The trick for any investor is how to turn that overload of investing information into a long-term investment strategy that will allow them to achieve their financial goals. For most people, those goals include paying for their children’s education and their own retirement.
Before beginning investing, most executives and employees have to decide what they are planning for. While there are any number of investment approaches, advisors focused on several key strategies to improve long-term results.
Loy added that one thing is sure, “you’ll need more money than you think you will.” He also attributed the increased cost of retirement to people living longer.
According to Loy, on average people are living 30 years after they retire. With $2 million saved and living off 4 percent annually. That amounts to an income of $80,000.
“At 65, most people will live for three more decades,” Loy explained. “That’s a long time. Maybe you need to work to 68 or 70 instead of 65.” Loy said part of any comprehensive investment strategy is knowing “if your goal is out of reach, you’ll need to adjust your expectations.”
Among the many investment strategies is market timing. Simply defined, when an investor should get into the stock market, or maybe sell some shares or exit a fund.
Is it a popular strategy with financial advisors? No, but many times market timing is driven by investor fear. Whether the market is experiencing a downward trend and investors want to sell their shares, or finding an investment that has outperformed the market and buying at its peak.
Loy stressed that an investment strategies should, “not be driven by the market, but by what you need.”
Market timing is an attempt to buy low and sell high. However, it’s difficult to know when the market is about to turn higher or lower. Staci Scharadin, CEO of Las Vegas-based Diamond Wealth Management, explained that, all too often, it’s difficult for investors to know when the market is reaching its peak, followed by the inevitable sell off and steep decline.
“Investors who try to time the market may have success in the short term,” said Scharadin. “But, over the long term, it is a difficult strategy to be successful with.”
Mitigating Investment Risks
Advisors also urge their clients to review their asset allocation. Asset allocation is simply a strategy that attempts to balance risk versus reward by adjusting the percentage of each asset in a portfolio.
For example, a typical portfolio may be 60 percent invested in stocks, 20 percent in bonds and 20 percent in alternative investments.
“For a 50-year-old executive with a Las Vegas company, typically they are still investing for retirement,” Scharadin said. “They might want to look outside the market, use alternative investments. These are investments not tied to the emotional ups and downs of the market.”
Scharadin said these alternative investments, which some call non-traded investments, include business development corporations, venture capital, private equity, hedge funds, real estate investment trusts, as well as real assets such as precious metals, rare coins and art.
These assets usually perform with low correlation to stocks and bonds, and are generally more illiquid than traditional investments. Liquid alternatives include ETFs, or an exchange traded fund and mutual funds that are traded publically.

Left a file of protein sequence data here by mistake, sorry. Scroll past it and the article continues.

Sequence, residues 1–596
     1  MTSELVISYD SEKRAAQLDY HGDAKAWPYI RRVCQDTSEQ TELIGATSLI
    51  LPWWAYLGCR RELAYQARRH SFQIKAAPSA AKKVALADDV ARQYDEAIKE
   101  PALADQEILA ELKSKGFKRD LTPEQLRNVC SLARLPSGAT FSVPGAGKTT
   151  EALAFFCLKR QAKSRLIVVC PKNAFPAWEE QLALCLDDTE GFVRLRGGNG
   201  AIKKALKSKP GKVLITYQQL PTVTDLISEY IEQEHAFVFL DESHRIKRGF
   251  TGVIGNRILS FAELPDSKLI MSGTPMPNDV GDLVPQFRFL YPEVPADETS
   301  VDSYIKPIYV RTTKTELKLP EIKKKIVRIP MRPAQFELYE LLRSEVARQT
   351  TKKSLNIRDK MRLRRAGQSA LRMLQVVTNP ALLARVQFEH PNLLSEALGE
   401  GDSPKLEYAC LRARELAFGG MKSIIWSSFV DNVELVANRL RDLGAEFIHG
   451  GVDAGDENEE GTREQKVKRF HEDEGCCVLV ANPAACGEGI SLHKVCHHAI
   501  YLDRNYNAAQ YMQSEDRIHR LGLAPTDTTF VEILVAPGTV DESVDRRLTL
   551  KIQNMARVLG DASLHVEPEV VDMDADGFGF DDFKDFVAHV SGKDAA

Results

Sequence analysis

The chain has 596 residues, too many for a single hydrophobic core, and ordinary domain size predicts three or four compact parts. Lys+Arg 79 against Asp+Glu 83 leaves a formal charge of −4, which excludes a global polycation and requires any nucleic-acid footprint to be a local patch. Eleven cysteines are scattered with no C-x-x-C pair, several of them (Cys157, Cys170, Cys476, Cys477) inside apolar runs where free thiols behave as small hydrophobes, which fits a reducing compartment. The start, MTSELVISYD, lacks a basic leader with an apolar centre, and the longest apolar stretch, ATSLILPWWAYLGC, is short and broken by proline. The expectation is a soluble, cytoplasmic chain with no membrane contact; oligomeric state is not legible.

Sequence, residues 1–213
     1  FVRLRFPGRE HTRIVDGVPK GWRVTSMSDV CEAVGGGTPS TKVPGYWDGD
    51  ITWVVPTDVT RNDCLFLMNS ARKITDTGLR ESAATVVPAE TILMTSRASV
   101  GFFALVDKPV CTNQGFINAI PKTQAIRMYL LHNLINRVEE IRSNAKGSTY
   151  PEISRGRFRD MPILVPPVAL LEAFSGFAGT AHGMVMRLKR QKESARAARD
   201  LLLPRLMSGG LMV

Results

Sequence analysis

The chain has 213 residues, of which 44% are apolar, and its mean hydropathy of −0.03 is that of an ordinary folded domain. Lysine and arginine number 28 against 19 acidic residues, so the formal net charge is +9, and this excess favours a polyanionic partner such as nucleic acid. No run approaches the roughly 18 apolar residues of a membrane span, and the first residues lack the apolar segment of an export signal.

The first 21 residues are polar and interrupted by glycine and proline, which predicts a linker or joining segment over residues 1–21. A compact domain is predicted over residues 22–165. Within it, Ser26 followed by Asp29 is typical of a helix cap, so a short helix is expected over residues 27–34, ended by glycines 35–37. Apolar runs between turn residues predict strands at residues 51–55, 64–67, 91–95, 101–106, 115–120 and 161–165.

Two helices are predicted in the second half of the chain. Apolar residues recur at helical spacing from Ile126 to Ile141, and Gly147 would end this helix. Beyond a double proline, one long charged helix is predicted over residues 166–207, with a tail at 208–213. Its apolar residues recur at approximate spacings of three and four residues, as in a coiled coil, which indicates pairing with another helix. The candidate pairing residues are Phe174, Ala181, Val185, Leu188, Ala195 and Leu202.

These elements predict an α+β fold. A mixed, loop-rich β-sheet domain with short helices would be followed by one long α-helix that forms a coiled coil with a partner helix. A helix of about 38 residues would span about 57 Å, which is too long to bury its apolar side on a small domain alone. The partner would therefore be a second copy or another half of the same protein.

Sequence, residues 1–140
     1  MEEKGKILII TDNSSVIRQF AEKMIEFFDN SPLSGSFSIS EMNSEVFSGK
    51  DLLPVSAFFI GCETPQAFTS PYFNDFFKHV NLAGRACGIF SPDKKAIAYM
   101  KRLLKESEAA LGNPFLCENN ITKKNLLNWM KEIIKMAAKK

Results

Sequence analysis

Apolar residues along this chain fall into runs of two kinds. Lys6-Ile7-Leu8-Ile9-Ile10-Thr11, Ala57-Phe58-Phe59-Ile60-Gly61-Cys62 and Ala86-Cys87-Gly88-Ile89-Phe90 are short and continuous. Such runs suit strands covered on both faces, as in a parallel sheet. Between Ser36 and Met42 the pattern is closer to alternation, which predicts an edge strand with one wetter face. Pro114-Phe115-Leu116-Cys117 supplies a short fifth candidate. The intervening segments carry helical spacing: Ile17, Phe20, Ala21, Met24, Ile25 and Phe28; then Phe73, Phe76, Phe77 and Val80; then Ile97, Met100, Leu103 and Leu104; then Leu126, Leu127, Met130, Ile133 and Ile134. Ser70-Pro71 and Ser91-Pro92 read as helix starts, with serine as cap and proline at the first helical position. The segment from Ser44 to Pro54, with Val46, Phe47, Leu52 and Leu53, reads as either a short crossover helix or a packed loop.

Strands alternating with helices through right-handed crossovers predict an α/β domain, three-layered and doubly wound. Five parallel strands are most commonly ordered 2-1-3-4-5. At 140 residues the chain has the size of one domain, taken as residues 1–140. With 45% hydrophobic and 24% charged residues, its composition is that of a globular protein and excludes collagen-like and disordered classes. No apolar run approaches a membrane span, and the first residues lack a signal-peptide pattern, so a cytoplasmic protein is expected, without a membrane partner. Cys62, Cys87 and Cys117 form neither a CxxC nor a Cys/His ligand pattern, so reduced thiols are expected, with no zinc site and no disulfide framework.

“Because alternative investments are assets that are usually not correlated to the stock market, you’ll see the use of self-directed IRAs and allocations to alternative investments rise,” said Theresa Fette, CEO of Provident Trust Group in Las Vegas. “We have seen increased investments in rental real estate and private companies mostly in the last year.”
Fette said her company is specifically seeing a growth of investments in first deeds of trust and private companies in Nevada. But what are the various risks investors take when investing in alternatives and do the risks outweigh the rewards?
“There is risk in all investments,” Fette explained. “To minimize risk, we see our clients diversifying their portfolio among a variety of assets, including traditional assets such as stocks, bonds, and mutual funds. Clients need to remember that there is usually a direct correlation between the amount of risk and the amount of return.”
Fette noted the higher the risk, the higher the return. She also cautioned investors to do their due diligence before choosing an investment. In other words, if there’s a claim of 10 percent returns, don’t just jump in to make the investment.
Fette cited Bloomberg News saying the average investor realizes approximately 3.7 percent returns.
“If you can understand and appreciate the risks involved with any investment, and live with the consequences if any of those risks were to play out, that is usually a good litmus test to determine if it is too risky for you personally,” she said.
Scharadin added alternative investments are good for removing “some of the risk from the markets.” She recommended that 15 to 25 percent of a client’s portfolio be placed in alternative investments.
Scharadin noted that Yale and Harvard universities have 60 to 80 percent of their endowments in alternative investments. She said these alternative investments have “come down to the retail level,” with a minimum of $5,000 invested. Demand for alternative investments stems from investor appetite for lower volatility and diversification. Another reason is the fact that regulatory and financial barriers that kept many small investors away have been relaxed in recent years.